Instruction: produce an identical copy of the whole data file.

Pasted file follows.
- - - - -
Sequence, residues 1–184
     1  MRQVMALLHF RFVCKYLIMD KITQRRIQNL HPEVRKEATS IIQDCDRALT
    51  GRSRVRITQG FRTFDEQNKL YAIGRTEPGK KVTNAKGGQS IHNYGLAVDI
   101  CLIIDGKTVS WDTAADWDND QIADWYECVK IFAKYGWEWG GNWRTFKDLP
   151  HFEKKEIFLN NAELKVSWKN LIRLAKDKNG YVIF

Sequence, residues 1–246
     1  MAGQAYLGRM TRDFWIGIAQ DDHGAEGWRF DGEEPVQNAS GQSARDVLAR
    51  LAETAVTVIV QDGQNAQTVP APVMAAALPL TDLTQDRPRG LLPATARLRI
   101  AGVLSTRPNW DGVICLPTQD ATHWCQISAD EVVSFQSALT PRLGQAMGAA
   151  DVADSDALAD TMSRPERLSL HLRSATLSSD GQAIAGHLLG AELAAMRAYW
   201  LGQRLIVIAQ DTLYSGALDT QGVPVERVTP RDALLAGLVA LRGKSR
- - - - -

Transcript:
Sequence, residues 1–184
     1  MRQVMALLHF RFVCKYLIMD KITQRRIQNL HPEVRKEATS IIQDCDRALT
    51  GRSRVRITQG FRTFDEQNKL YAIGRTEPGK KVTNAKGGQS IHNYGLAVDI
   101  CLIIDGKTVS WDTAADWDND QIADWYECVK IFAKYGWEWG GNWRTFKDLP
   151  HFEKKEIFLN NAELKVSWKN LIRLAKDKNG YVIF

Sequence, residues 1–246
     1  MAGQAYLGRM TRDFWIGIAQ DDHGAEGWRF DGEEPVQNAS GQSARDVLAR
    51  LAETAVTVIV QDGQNAQTVP APVMAAALPL TDLTQDRPRG LLPATARLRI
   101  AGVLSTRPNW DGVICLPTQD ATHWCQISAD EVVSFQSALT PRLGQAMGAA
   151  DVADSDALAD TMSRPERLSL HLRSATLSSD GQAIAGHLLG AELAAMRAYW
   201  LGQRLIVIAQ DTLYSGALDT QGVPVERVTP RDALLAGLVA LRGKSR